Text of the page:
Conceived and executed in much the same visual manner as his ultra-popular ROMEO AND JULIET (1968), Franco Zeffirelli's BROTHER SUN SISTER MOON attempts to draw parallels between the work and philosophy of St. Francis and the ideology which underpinned the worldwide hippy movement throughout the 1960's and early 70's. Hence the ragged-but-lyrical cinematography (by Ennio Guarnieri), fractured editing (by Reginald Mills), and the use of contemporary - but strangely timeless - folk songs written and performed by Donovan, all of which conjures the requisite mood of spiritual awakening whilst simultaneously dating the movie quite firmly within its period. Cynics will hate it, while others will embrace Zeffirelli's defiant romanticism. Daringly, Zeffirelli's script (co-written by Suso Cecchi d'Amico and Lina Wertmuller) contrasts Francis' piety and virtue with the bloated pomp of official Church doctrine, weighed down by internal politics and social indifference, though it's difficult to gauge if this represents a veiled attack on Christian orthodoxy or is simply a reflection of Francis' dismissal of outdated customs in favor of a return to Nature.

Lovingly crafted by Lorenzo Mongiardino (art direction) and Danilo Donati (costumes), the movie is toplined by a cast of gifted newcomers and screen veterans, including Judi Bowker (one of the most beautiful actresses of her generation), Leigh Lawson, Kenneth Cranham, Valentina Cortese and Alec Guinness. But the film derives much of its strength from Faulkner as the young, battle-scarred nobleman laid low by his wartime experiences, who emerges from the horrors of conflict with a completely new and spiritual outlook on life. Faulkner was one of a handful of young actors (including FELLINI-SATYRICON's Hiram Keller and LISA AND THE DEVIL's Alessio Orano) who emerged from European cinema in the 1970's, handsome and talented in equal measure, to burn brightly and briefly before disappearing into relative obscurity. Here, Faulkner's intense beauty and fresh-faced innocence are illuminated by Guarnieri's worshipful camera and Zeffirelli's attentive direction, which places him center-stage throughout (there's even a generous, PG-level nude scene halfway through the movie). This was Faulkner's cinematic debut, and while Zeffirelli couldn't have made a better choice for such a crucial role, the director later described him as slightly aloof from his fellow actors, which may explain his subsequent retreat from showbusiness. But here, his grace and dignity are displayed in abundance, and it's hard not to fall in love with him, every time he appears on-screen.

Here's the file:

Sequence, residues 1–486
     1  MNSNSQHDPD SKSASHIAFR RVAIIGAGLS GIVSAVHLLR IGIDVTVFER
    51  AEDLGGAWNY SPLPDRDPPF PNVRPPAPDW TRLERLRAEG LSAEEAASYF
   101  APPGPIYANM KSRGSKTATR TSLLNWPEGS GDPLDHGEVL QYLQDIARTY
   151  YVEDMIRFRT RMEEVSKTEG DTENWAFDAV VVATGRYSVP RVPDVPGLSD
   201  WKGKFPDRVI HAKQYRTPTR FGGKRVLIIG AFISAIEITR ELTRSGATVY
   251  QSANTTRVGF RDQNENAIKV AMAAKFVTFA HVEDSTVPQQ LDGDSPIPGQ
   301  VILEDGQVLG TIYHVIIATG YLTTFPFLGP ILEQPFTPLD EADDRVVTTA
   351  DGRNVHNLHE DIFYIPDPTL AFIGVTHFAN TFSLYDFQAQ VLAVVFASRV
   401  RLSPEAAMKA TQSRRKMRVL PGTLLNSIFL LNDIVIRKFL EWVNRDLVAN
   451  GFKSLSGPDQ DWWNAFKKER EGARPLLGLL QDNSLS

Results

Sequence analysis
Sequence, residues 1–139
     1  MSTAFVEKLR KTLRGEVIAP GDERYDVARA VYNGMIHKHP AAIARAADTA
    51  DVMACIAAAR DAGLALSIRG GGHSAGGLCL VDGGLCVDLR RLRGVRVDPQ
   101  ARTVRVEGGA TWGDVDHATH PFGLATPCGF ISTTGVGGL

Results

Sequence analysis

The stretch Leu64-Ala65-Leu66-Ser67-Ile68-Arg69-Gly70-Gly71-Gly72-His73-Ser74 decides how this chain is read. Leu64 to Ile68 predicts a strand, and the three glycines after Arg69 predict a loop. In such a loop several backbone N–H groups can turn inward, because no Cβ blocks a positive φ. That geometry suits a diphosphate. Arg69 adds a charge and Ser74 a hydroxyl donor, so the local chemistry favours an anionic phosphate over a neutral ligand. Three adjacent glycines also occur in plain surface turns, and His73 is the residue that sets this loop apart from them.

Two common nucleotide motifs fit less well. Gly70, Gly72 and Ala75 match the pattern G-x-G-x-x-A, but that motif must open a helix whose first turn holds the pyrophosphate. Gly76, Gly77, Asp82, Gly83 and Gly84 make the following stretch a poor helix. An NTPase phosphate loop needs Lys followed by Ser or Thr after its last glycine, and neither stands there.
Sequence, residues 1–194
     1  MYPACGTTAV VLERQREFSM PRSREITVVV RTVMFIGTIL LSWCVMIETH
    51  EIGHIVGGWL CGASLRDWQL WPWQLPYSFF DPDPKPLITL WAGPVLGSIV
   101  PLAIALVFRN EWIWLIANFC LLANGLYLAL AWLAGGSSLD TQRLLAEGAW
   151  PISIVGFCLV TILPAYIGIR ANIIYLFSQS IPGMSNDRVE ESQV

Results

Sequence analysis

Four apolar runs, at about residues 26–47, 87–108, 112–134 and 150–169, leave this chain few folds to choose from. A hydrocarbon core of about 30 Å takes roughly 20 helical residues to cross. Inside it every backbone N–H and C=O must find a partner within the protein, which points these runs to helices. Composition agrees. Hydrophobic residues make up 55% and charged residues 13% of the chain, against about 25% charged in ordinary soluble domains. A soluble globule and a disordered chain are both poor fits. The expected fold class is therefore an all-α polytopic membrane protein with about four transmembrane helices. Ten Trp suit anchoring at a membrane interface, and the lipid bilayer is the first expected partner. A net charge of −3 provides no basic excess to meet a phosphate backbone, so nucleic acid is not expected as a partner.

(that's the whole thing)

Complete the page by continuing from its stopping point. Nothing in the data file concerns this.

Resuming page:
The alternative Italian version (FRATELLO SOLE SORELLA LUNA) runs approximately 14 minutes longer and replaces Donovan's music with a fully orchestral score by Riz Ortolani. In related events, editor Mills produced a 16mm documentary entitled FRANCO ZEFFIRELLI: A FLORENTINE ARTIST (1973), compiled from footage shot during the making of the movie, featuring a lengthy interview with the director himself.